‘Cheetahs Will Add To Biodiversity, Boost Wildlife Tourism’
TH Khan, an environmental activist and wildlife expert from Pilibhit (UP), says Govt of India has done a commendable job by reintroducing Cheetah to Indian wildlife
Cheetahs became extinct in the early 1950s and the major reason was big-game hunting. Efforts were made since then for their rehabilitation but it is only now that we have been able to bring them to Indian forests. There are many examples of successful rehabilitation of wildlife animals in their natural habitats but rehabilitation of Cheetahs is a tricky business and their release could be termed merely as one step forward.
Although it’s not going to be a cake walk to resettle Cheetah I am confident that the cutting-edge technology will assist our wildlife officials to make this endeavour a roaring success. Rehabilitation process in this case is a complex one as it involves a carnivorous species from a different continent. Such broad and complicated rehabilitation requires a perfect harmony between the two habitats and the similarity of environments from where it is imported to where it is being shifted.
Kuno National Park was chosen for the release of cheetahs after a detailed study by experts and this is the world’s first inter-continental large carnivore translocation project as eight African Cheetahs — five females and three males, aged between two and six years, have been brought to India from Namibia. Besides adding to the bio-diversity of Kuno, the Cheetahs will also add boost tourism and generate income for the locals.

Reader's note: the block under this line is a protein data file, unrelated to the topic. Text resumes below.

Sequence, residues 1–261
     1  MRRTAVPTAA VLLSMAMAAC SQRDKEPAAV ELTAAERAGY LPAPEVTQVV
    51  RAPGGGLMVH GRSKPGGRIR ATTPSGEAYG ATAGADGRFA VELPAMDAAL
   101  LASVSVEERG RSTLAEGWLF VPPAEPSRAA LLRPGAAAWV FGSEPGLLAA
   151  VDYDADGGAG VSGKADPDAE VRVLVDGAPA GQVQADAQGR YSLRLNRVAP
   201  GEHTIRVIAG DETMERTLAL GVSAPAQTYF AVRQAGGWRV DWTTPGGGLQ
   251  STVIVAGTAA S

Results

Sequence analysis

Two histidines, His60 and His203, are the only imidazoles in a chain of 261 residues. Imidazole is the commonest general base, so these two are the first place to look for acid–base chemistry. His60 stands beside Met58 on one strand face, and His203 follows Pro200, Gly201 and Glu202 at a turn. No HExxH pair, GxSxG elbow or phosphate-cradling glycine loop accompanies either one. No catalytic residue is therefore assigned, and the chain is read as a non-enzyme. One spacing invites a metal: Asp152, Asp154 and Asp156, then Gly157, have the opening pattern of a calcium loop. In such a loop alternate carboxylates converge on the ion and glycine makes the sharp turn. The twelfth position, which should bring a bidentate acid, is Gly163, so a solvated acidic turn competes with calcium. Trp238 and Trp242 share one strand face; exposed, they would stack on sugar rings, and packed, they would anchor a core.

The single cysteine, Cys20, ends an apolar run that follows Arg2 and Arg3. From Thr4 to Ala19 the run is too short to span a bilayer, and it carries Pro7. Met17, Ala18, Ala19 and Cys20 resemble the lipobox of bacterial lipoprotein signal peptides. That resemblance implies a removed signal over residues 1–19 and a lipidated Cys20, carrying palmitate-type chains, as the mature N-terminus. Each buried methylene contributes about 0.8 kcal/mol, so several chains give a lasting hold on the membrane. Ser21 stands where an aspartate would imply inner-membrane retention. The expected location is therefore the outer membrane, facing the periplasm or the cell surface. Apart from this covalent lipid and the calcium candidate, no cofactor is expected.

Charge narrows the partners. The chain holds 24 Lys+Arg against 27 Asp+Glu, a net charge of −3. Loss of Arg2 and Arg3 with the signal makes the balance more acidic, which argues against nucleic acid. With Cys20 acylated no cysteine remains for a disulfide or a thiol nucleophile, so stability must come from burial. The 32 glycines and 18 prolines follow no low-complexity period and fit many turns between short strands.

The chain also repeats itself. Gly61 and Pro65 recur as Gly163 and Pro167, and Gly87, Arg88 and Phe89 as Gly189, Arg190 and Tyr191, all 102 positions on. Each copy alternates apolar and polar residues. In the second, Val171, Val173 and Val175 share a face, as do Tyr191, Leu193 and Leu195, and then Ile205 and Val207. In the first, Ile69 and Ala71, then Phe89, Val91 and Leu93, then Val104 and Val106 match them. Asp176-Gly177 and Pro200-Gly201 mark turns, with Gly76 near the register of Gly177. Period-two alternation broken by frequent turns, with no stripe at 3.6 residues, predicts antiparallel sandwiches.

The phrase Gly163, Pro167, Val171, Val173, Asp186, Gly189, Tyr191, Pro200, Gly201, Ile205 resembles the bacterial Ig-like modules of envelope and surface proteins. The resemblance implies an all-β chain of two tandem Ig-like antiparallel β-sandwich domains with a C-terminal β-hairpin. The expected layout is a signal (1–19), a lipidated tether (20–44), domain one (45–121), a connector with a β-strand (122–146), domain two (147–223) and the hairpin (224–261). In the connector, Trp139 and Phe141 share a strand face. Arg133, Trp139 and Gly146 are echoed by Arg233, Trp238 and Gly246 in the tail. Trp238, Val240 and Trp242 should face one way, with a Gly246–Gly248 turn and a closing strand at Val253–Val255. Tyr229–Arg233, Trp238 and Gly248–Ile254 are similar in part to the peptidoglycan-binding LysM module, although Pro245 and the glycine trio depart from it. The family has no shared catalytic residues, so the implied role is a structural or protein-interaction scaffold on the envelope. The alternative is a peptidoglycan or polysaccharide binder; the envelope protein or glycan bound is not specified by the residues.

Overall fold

Besides providing the Cheetahs with their required natural habitat, their availability and selection were also a challenge. Initially, there was suspense over the genetic difference between the African and the Asian Cheetahs. When it became clear after an intense study that their rehabilitation is possible, the Supreme Court gave its assent to bring the Cheetahs from Namibia.
Cheetah is listed as a vulnerable species by the World Conservation Union (IUCN) Red List of Threatened Species. Two subspecies, the Asiatic Cheetah and the Northwest African Cheetah are listed as critically endangered. It is therefore very important that potential threats to our Cheetahs at release sites are mitigated. A habitat suitability study should be conducted at each site to ensure there is sufficient vegetation to support viable prey populations to sustain the re-introduced Cheetahs for a long period.
This project is the beginning of a new era of active wildlife management in the direction of ecological rehabilitation because it explores new avenues for carnivorous species amid diminishing grasslands.
Other successful wildlife rehabilitation in India includes alligators in the Chambal and Gerua rivers, single-horned rhinoceros in Dudhwa National Park and Pabitora Sanctuary, and the wild buffalo in the Chhattisgarh forest regions.
One thing that this step surely exhibits is: India’s commitment to the preservation and promotion of biodiversity. We have successfully completed 50 years of Project Tiger and 30 years of Project Elephant. With the multi-dimensional success of these two projects, two other projects, for lion and dolphin, are also being carried out at a commendable pace. Reintroducing Cheetahs is a logical link to this chain of projects.
As told to Rajat Rai